Lawrence Norfolk Biography
Nationality: British. Born: 1963.
Lemprière's Dictionary. London, Sinclair Stevenson, and New York, Harmony, 1991.
Pope's Rhinoceros. London, Sinclair-Stevenson, 1996; New York, Harmony Books, 1996.
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Lawrence Norfolk's formidable reputation rests upon a small collection of works. The success of Lemprière's Dictionary, an erudite, intricately designed, and densely textured novel, derives chiefly from its pastiche of literary forms and sensibilities even more varied than its range of geographical and temporal settings (from England to India, from 1600 to 1788). Impossible to classify (or summarize), the novel combines numerous genres—Gothic, Victorian, historical, adventure, mystery, detective, political thriller, and quest—in a decidedly postmodern (even postcolonial) way that strongly suggests the influence of writers such as Umberto Eco, Thomas Pynchon, and Peter Ackroyd.
Norfolk's protagonist is John Lemprière, a fictional version of the author of the well-known Classical Dictionary (1788). Building upon the relative dearth of information about the real Lemprière's life, Norfolk fashions his own version (a narrative ploy of considerable thematic import). His Lemprière is a myopic youth whose reading has addled his brain, causing him to see the myths he reads about come to life. Instead of correcting the problem, glasses only enable him to see all the better his father torn apart by his own hunting dogs, in the manner of Actaeon. Himself torn apart by guilt and the desire to solve the family mystery, Lemprière begins his exile/quest. Early in his wanderings, it is suggested that he write a dictionary as a form of therapy. Although it offers him a refuge from a series of baffling mysteries (and thus functions in much the same way the novel itself does for the similarly naive and escapist reader), the dictionary also serves a more sinister purpose. It is the "signed confession" linking its innocent author to a series of myth-inspired murders perpetrated by a shadowy Cabbala. It is this Cabbala, comprising descendants of François Lemprière's former business partners, that the hero believes he is searching out but has in fact been directing his efforts all along.
Norfolk's title recalls other, more famous dictionaries. Unlike Samuel Johnson's (1755), Norfolk's does not attempt to "fix" and "preserve" its subject. Like the Oxford English Dictionary, it is "based upon historical principles" that in the novel are to be understood semiotically rather than scientifically. As Norfolk explains in "Bosnian Alphabet" in the Spring 1993 issue of Granta, a dictionary is a very useful but also highly arbitrary means for organizing chaotic experience. It is also a way to organize a novel, as Walter Abish (Alphabetical Africa) and Milorad Pavic (The Dictionary of the Khazars) have demonstrated. And just as Pavic's novel exists in two forms, male and female, each with its own ending, so does Norfolk's: the longer, denser, more fantastic original English edition and the shorter American, with its greater "forward momentum." Appropriately, Lemprière's Dictionary is filled with twins, metamorphoses, mistaken identities, and deliberate disguises and pretends to be a good many things that it is not, including a historical novel (about the East India Company, England's coming-of-age as a colonial power, the events leading up to the French Revolution, and so on). Even as the details are deployed to create a Jamesian "sense of the past," they also serve as a set of facts, some real, some fictional, whose permutational possibilities allow for a seemingly endless series of rearrangement and reinterpretation, that may be understood as an instance of postmodern play or, more seriously, as Don DeLillo has said of his novel Libra, as a way of thinking about history, including the history of the novel).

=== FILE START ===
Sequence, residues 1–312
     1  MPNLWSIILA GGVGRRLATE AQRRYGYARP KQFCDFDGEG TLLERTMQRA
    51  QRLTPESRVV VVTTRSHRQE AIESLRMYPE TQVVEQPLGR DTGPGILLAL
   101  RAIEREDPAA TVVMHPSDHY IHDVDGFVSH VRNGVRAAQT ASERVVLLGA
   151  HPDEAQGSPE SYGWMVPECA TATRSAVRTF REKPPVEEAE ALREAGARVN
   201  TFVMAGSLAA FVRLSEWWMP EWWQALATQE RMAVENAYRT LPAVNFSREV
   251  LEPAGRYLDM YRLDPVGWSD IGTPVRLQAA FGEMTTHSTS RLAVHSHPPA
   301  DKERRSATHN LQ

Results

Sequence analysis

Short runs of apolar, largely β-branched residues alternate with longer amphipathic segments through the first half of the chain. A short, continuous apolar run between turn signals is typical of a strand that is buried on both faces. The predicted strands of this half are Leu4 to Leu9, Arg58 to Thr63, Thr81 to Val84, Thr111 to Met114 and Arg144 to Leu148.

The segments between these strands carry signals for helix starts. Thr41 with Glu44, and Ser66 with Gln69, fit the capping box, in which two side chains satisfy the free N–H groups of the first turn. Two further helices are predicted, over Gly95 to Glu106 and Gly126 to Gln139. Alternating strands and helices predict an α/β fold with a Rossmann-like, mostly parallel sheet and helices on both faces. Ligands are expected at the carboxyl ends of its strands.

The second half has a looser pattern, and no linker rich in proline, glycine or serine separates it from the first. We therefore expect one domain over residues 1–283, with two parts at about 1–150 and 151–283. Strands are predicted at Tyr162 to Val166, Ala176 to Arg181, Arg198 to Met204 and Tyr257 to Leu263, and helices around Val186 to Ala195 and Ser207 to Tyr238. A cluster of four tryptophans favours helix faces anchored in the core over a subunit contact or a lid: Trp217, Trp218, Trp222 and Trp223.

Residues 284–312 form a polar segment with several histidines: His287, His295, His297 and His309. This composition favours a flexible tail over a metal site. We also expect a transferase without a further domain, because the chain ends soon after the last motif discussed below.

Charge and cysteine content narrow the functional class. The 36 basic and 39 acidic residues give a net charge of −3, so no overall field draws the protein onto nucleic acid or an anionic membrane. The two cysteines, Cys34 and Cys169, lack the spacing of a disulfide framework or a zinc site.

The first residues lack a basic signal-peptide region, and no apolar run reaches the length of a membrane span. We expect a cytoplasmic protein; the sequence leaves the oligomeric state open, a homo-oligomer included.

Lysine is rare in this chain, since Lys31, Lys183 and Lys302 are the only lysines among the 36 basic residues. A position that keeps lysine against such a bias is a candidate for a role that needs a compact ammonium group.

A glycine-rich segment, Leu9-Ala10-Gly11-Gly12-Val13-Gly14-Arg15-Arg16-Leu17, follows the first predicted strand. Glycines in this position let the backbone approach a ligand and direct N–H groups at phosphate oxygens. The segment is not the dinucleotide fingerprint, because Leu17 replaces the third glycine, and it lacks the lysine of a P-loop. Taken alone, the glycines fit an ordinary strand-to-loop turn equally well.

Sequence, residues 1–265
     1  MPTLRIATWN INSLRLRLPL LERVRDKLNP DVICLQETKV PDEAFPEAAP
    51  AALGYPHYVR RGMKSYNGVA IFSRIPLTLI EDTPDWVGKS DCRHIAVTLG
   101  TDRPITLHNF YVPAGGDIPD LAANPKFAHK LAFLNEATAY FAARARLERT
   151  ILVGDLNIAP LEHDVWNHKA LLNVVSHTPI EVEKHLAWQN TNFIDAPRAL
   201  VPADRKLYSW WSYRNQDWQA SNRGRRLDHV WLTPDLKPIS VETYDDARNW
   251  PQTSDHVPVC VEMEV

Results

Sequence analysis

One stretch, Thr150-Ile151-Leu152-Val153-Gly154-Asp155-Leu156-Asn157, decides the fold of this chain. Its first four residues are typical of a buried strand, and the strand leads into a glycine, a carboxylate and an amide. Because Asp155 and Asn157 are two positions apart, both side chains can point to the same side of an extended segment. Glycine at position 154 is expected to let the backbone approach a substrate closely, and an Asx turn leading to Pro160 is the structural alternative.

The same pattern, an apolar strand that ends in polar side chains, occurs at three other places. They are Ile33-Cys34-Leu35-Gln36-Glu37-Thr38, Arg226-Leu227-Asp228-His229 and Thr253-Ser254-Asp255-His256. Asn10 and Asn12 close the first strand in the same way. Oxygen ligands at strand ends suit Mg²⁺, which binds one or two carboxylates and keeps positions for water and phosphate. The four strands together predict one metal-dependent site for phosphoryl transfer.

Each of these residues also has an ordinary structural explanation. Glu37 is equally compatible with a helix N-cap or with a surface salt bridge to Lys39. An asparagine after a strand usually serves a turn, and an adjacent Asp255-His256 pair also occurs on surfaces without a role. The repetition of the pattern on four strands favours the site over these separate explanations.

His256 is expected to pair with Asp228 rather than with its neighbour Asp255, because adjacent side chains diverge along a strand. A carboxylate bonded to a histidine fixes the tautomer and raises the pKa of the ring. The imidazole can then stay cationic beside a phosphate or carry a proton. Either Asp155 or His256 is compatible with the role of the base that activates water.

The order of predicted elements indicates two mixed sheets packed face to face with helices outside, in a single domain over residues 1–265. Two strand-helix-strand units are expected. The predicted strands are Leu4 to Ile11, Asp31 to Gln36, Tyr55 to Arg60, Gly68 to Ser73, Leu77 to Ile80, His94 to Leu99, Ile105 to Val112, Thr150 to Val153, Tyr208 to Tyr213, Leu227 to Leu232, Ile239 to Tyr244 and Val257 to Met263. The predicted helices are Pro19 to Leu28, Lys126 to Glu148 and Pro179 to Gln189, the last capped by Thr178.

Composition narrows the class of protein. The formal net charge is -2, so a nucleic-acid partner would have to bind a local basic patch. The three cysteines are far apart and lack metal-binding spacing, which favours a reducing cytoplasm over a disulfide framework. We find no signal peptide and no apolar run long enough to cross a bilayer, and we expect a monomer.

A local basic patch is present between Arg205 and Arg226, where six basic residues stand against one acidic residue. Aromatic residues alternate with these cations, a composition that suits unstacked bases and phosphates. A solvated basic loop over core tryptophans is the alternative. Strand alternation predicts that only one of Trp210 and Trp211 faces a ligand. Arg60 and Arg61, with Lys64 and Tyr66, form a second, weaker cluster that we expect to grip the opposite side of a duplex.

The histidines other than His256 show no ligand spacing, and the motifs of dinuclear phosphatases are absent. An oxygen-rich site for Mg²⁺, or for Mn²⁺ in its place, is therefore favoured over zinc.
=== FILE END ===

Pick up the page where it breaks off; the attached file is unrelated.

Norfolk's novel repeatedly calls attention to the reading process: to how characters read or, more often, misread events and texts, sometimes, as in François's message to his partners still in the besieged city of La Rochelle, with disastrous consequences. The consequences for the novel and its readers are of course quite different, misinterpretation being the engine that drives them both. Reading a novel such as Lemprière's Dictionary becomes at times a highly self-conscious affair. What is said about characters and events often applies equally well to the novel itself. Like the Cabbala, it is "a kind of joke, a huge prank" turned serious; like the rumors of impending massacre, it is something that the reader, like the citizens of La Rochelle, perversely "want to believe." It is as well a bog, a fraud, a game of chess, a conspiracy, a simulacrum (in the Baudrillardian sense, a postmodern image having no antecedent reality). Ultimately it resembles the creation of one of Lemprière's own mythical subjects, the master artificer Daedalus, maker of automata and labyrinths.
The title The Pope's Rhinoceros might seem metaphoric on first glance, but in fact it is quite literal, referring to an unsuccessful attempt by Portuguese explorers of the 16th century to bring a rhinoceros from Africa back to Rome as a gift for Pope Leo X. These facts, however, are merely a point of departure, and from there Norfolk takes readers on a ride that is as complex (in the view of some detractors, overly so) as it is intriguing.
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